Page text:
As a teacher, I have no hesitation in celebrating three fundamental principles of peace education for nurturing a new generation of young minds who can dare to strive for a world free from war, militaristic nationalism, technological violence and ugly forms of socio-economic inequality. First, a teacher ought to be dialogic who is compassionate enough to cultivate the art of listening. The bureaucratic authority, the arrogance of knowledge and the will to power often erect a wall of separation between the teacher and young learners. It causes fear in our classrooms; it prefers monologue; it deprives young learners of bringing their own experiences and voices in the classroom. In other words, it is violent and anti-democratic. Hence, it is only through a dialogic and compassionate mode of listening can our children learn how to appreciate the plurality of worldviews, practice the art of negotiation and conversation, and see people as living souls — not objects of domination. Possibly, this is like sowing the seeds of what a peace activist like Johan Galtung would have regarded as the skill of ‘conflict resolution’.

Second, we need to move from merely information-centric or technical/academic load of accumulated knowledge to education as critical consciousness and self-reflexive awakening. For instance, it makes no sense if a student only memorises the Preamble of our Constitution as just a ‘fact’. What a teacher as a critical pedagogue can do is to arouse the spirit of thinking, questioning and wondering in the mind of the learner. Only then can she see beyond facts, and probe why, despite such a noble Preamble, we live amid heightened inequality, caste/patriarchal violence and religious bigotry. This is like going deeper into the true meanings of secularism, socialism and cultural pluralism, and realising that freedom, far from being a finished product, is a continual process of becoming. And freedom is impossible amid violence, be it structural, psychic or cultural. When knowledge is the celebration of awareness, our classrooms become truly experimental sites of ahimsa and liberation.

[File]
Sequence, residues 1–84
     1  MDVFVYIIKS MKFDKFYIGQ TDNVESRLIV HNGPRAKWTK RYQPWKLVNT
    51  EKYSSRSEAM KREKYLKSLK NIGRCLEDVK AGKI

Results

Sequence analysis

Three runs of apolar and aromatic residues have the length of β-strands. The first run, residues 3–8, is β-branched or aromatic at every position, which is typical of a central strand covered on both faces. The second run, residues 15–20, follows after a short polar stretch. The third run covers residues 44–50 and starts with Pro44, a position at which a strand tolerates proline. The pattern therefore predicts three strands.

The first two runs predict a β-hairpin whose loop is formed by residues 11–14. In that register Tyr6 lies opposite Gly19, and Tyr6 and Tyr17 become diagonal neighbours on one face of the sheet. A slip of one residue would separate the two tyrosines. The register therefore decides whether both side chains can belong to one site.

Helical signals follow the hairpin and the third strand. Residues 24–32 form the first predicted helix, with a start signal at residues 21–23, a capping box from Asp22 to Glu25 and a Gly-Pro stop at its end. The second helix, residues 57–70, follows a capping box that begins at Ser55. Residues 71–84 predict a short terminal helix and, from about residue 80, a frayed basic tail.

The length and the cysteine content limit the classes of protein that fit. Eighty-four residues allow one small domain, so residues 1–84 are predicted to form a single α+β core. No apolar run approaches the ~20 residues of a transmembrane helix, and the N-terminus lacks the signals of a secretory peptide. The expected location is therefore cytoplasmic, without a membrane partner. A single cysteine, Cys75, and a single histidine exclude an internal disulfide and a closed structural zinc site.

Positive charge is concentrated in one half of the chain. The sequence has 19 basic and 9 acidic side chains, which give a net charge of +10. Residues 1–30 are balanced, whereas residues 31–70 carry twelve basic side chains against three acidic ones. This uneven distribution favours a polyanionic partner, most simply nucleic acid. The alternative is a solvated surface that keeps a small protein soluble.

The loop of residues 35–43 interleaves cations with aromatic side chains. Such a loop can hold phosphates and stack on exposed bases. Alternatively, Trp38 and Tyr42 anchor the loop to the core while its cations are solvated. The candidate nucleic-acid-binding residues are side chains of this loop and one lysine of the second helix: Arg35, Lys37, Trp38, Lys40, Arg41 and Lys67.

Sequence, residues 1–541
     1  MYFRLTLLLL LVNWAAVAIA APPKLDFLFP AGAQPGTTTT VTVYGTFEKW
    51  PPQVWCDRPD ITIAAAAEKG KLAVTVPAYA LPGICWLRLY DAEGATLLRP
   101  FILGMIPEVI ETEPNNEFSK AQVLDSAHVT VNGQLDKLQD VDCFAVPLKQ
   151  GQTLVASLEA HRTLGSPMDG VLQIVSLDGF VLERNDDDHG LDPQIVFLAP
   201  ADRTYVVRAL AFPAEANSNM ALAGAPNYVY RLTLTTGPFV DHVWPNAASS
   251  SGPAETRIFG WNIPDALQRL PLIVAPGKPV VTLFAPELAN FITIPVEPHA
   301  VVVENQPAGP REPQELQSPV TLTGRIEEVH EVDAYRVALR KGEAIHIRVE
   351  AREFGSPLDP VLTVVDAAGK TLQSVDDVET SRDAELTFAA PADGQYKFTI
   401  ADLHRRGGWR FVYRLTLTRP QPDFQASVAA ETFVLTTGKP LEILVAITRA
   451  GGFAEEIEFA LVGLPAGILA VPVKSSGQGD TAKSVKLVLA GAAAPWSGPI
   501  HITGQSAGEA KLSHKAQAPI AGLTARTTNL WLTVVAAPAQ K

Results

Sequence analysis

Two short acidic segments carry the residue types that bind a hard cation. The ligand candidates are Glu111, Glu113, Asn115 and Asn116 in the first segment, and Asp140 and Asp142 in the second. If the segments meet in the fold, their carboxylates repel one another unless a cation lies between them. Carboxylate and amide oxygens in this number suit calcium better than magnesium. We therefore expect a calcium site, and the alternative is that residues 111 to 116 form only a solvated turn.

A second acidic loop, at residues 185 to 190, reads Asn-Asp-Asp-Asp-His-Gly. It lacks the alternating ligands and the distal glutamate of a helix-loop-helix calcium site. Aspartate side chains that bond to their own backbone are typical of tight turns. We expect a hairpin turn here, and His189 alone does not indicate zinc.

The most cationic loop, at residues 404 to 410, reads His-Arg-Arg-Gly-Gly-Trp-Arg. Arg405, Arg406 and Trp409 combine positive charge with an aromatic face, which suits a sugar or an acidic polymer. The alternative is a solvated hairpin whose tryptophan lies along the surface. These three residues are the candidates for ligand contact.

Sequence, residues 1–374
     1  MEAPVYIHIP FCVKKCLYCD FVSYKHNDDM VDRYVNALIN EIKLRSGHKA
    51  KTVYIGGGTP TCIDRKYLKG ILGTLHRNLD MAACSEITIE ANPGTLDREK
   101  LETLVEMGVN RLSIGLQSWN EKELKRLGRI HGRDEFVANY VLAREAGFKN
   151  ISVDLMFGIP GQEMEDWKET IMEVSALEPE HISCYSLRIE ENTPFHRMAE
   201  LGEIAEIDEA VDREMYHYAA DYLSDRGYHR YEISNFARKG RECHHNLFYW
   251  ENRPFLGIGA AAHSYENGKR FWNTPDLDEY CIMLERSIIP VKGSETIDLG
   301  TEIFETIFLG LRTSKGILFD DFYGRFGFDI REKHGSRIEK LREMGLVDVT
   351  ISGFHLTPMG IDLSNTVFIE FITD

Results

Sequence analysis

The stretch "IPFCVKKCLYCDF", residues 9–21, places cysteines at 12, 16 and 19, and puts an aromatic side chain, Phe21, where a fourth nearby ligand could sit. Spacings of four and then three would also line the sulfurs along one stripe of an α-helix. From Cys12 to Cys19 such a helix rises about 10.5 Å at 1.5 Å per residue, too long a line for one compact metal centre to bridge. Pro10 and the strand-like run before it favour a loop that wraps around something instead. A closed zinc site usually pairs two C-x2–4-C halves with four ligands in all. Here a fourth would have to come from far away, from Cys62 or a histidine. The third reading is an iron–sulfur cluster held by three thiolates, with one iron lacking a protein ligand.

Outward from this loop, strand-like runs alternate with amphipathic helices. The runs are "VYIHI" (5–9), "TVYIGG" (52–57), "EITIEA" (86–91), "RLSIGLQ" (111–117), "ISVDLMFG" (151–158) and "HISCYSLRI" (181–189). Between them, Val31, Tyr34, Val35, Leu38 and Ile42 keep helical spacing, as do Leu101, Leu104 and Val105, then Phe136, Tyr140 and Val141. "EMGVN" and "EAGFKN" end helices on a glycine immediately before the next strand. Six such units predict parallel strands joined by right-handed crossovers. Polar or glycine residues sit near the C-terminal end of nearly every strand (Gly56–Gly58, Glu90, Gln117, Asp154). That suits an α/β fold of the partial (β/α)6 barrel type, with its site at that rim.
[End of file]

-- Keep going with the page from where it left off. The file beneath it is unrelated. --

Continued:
And third, we must bring the ecstasy of love in our classrooms. Our children are growing up with unmanageable stress, fear of being continually evaluated or stigmatised through an absurd scale of grading and ranking, and pressure to prove that they too can become ‘big’. We can combat this psychic violence only through love and empathic understanding. Imagine if as teachers, we could inspire them to see the beauty in another narrative: to live is not to compete, but to live with one’s own rhythm, or to live is to love and care; and there is no bigger success except the abundance of inner fulfilment!

Are we ready?